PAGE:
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Journal of Toxicology
Volume 2018, Article ID 3751930, 15 pages
https://doi.org/10.1155/2018/3751930
Research Article

Assessment of Pharmaceuticals, Personal Care Products, and Hormones in Wastewater Treatment Plants Receiving Inflows from Health Facilities in North West Province, South Africa

Department of Environmental, Water and Earth Sciences, Faculty of Science, Tshwane University of Technology, Private Bag X680, Pretoria 0001, South Africa

Correspondence should be addressed to Kwangu M. Kanama; moc.liamg@manakogram

Received 13 April 2018; Revised 22 July 2018; Accepted 26 September 2018; Published 30 October 2018

Academic Editor: Valerio Matozzo

Copyright © 2018 Kwangu M. Kanama et al. This is an open access article distributed under the Creative Commons Attribution License, which permits unrestricted use, distribution, and reproduction in any medium, provided the original work is properly cited.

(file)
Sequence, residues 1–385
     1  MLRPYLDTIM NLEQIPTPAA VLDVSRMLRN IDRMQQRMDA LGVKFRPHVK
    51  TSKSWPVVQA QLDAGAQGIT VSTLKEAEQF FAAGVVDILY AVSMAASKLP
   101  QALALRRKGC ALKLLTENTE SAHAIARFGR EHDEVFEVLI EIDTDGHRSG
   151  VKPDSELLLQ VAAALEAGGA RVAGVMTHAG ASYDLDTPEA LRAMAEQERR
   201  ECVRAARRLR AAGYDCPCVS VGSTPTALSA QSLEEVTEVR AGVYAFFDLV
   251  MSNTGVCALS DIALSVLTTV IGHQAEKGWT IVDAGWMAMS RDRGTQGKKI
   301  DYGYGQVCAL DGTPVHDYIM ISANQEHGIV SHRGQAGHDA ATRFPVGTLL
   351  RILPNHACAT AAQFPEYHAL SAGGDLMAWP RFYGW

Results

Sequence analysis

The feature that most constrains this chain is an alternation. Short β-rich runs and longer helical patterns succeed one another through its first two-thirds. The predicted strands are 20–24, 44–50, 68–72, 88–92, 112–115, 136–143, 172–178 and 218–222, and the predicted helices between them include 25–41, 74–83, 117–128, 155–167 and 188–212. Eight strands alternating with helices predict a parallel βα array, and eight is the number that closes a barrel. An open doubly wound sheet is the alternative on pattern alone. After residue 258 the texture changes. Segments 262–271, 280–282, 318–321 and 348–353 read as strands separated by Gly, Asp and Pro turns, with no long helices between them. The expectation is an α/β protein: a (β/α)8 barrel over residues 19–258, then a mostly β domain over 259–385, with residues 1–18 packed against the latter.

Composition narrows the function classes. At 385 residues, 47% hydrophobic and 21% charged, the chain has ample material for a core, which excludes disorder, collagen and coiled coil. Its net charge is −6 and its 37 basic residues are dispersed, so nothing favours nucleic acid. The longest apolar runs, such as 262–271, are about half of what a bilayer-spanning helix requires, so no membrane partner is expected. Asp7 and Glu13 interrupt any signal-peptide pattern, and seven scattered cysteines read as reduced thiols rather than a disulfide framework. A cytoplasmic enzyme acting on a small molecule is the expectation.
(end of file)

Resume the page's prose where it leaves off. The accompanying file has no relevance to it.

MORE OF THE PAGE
Abstract

The presence of 17 pharmaceutical and personal care products (PPCPs) belonging to various therapeutic categories was investigated in two hospital wastewater treatment plants (WWTPs) in North West Province, South Africa. The compounds were extracted from wastewater samples by solid-phase extraction and analysed by liquid chromatography-tandem mass spectrometry. The results showed that ofloxacin, chloramphenicol, and bezafibrate were generally below the limit of quantification (LOQ) in the analysed samples. Acetaminophen and ibuprofen were the dominant pharmaceuticals in the influent streams with corresponding concentrations ranging from 21 to 119 μg/L and 0.3 to 63 μg/L, respectively. Both WWTPs were shown to have the capability to remove some of the target PPCPs, including acetaminophen (76-98%), tetracycline (15-93%), ibuprofen (44-99%), and triclocarban (13-98%). The monitoring of the target PPCPs in both influent and effluent samples of the investigated WWTPs revealed that the discharge of inadequately treated effluents could be contributing to the possible increase in the concentrations of these contaminants in the receiving environmental compartments. Further studies must be focused on the broader characterisation of these matrices in order to assess the potential ecological impacts of this waste disposal practice.